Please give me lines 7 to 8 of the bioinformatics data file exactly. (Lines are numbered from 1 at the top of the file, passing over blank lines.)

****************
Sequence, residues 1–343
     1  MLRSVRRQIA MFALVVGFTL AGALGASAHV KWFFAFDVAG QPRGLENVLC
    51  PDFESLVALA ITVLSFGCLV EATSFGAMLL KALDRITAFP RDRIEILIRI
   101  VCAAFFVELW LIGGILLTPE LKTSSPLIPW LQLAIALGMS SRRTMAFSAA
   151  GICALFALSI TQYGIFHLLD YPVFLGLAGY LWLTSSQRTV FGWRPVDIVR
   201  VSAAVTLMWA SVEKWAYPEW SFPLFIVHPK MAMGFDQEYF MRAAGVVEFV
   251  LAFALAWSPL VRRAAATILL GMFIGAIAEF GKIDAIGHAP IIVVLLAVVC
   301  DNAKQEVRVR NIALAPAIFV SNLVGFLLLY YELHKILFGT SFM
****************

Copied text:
   251  LAFALAWSPL VRRAAATILL GMFIGAIAEF GKIDAIGHAP IIVVLLAVVC
   301  DNAKQEVRVR NIALAPAIFV SNLVGFLLLY YELHKILFGT SFM